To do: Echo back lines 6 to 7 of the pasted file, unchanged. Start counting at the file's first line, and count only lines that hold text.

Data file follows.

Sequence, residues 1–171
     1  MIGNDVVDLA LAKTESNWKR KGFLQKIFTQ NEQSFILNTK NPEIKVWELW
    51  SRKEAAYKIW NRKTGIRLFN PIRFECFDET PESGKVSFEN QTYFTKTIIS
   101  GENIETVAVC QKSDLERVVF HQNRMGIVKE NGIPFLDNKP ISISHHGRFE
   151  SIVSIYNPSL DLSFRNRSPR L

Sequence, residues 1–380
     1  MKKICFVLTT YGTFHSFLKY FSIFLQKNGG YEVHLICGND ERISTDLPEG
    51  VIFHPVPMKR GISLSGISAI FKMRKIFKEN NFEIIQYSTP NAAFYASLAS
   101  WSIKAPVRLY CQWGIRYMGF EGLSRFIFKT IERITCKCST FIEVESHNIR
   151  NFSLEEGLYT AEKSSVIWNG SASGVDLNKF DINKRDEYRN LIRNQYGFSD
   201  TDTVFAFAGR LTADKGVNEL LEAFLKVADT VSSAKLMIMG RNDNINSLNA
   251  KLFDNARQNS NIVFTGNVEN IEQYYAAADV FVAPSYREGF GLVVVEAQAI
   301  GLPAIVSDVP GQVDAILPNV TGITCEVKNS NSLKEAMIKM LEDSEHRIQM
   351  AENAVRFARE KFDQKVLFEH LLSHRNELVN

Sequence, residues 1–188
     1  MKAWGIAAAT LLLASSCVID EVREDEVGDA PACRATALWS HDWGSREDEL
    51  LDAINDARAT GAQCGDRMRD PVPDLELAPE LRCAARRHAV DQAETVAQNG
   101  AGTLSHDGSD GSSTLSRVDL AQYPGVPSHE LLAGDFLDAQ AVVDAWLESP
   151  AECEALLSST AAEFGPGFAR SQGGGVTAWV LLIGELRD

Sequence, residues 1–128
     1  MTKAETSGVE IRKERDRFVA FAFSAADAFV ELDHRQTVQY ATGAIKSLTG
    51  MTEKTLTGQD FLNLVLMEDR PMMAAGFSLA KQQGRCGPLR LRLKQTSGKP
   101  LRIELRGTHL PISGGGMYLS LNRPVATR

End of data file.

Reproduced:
Sequence, residues 1–380
     1  MKKICFVLTT YGTFHSFLKY FSIFLQKNGG YEVHLICGND ERISTDLPEG